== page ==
Students in our fiber arts classes learned about another important campus-sourced material, wool, as they worked on their vibrant weaving projects. Much of the yarn used in the fiber studio is made from wool sheared from our sheep, which students help clean before it is spun and dyed into a usable, and beautiful, end product. Countless tapestries, blankets, and pillows have been created from our campus wool throughout our long history, as well as many of the knit hats, scarves, gloves, and sweaters that keep our students warm throughout winter.


students teach leave no tracestudents practicing Leave No Trace playing soccer soccer teamTop: Matías and Jack lead a Leave No Trace activity. Middle 1: Outdoor Leadership (ODL) students learn the Leave No Trace hand signals. Middle 2: The NCS soccer team plays their first game. Bottom: The NCS soccer team.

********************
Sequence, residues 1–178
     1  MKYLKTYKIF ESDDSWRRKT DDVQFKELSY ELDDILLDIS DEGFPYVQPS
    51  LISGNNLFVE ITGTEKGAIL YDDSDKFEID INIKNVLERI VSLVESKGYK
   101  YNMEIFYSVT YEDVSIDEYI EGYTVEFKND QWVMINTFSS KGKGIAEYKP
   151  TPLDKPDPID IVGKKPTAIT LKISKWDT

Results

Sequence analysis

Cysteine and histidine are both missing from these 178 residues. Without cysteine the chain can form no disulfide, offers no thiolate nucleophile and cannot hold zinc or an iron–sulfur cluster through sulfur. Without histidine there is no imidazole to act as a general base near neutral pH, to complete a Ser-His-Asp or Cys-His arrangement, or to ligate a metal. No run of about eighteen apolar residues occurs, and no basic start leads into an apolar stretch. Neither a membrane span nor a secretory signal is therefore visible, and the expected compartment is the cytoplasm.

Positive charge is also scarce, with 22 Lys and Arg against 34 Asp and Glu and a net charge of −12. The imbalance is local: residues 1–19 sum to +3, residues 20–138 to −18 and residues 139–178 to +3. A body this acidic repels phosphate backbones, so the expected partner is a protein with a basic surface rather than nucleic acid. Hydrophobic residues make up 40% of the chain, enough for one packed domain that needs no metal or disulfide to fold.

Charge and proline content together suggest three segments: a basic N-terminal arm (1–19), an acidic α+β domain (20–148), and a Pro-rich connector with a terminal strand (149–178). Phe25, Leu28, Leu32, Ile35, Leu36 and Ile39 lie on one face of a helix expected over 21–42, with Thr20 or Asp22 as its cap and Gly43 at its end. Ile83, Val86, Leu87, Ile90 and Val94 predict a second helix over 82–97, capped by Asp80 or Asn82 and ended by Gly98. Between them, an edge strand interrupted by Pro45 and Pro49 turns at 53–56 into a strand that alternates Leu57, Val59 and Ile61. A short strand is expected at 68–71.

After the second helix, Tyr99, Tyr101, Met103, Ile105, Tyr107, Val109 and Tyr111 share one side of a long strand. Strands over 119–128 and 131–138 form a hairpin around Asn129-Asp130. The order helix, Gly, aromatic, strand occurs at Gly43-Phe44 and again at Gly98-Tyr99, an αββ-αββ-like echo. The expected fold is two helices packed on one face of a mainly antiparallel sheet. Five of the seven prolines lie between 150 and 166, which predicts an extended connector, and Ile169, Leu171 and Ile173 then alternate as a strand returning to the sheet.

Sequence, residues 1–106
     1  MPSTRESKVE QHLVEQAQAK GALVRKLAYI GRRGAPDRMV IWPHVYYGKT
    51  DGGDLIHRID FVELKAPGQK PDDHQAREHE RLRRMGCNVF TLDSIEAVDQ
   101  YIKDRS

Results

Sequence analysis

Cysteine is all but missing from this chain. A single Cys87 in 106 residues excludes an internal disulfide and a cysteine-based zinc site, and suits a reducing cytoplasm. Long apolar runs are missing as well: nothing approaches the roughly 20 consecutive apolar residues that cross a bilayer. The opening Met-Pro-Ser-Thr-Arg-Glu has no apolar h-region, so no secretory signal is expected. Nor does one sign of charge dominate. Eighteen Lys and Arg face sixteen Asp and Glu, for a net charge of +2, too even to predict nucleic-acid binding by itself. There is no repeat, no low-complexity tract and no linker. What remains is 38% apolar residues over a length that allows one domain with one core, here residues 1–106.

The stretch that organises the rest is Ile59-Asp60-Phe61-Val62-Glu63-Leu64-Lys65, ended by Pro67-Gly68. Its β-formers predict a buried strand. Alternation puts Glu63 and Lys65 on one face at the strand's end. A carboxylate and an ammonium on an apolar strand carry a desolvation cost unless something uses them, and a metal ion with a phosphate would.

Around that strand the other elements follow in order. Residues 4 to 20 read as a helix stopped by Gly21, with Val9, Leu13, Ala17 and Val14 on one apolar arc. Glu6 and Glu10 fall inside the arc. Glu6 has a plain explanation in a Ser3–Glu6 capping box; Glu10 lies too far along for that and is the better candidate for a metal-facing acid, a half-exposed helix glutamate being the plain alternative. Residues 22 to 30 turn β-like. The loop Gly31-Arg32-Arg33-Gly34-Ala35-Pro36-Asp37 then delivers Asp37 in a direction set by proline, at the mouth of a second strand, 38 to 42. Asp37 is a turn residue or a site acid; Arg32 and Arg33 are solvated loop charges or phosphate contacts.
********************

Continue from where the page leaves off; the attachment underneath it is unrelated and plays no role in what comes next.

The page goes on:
Each term the students in our older grades have the opportunity to sign up for Outdoor Leadership (ODL) class, where they learn skills and concepts that prepare them to not only hike, camp, and play in the backcountry, but also to act as thoughtful and responsible leaders in the wilderness. This week one of our ODL classes learned about the Leave No Trace principles of outdoor recreation, as well as the helpful hand signs that represent each of the seven principles, while the other class led a Town Meeting activity introducing these concepts to the entire school community.

Our school soccer team also had the opportunity to step up as leaders during their first game of the season against the Adirondack Homeschool Education Foundation (AHEF). After a close game the NCS Pink Pigs took home the victory, and we are so proud of the cooperation, sportsmanship, and team spirit our student athletes brought to the field.

students on a mountainstudents hikingstudent hikingTop: The Algonquin/Wright hiking group on the summit of Algonquin Mountain. Middle: The Algonquin/Wright group hikes. Bottom: Matt celebrates completing the NCS 10.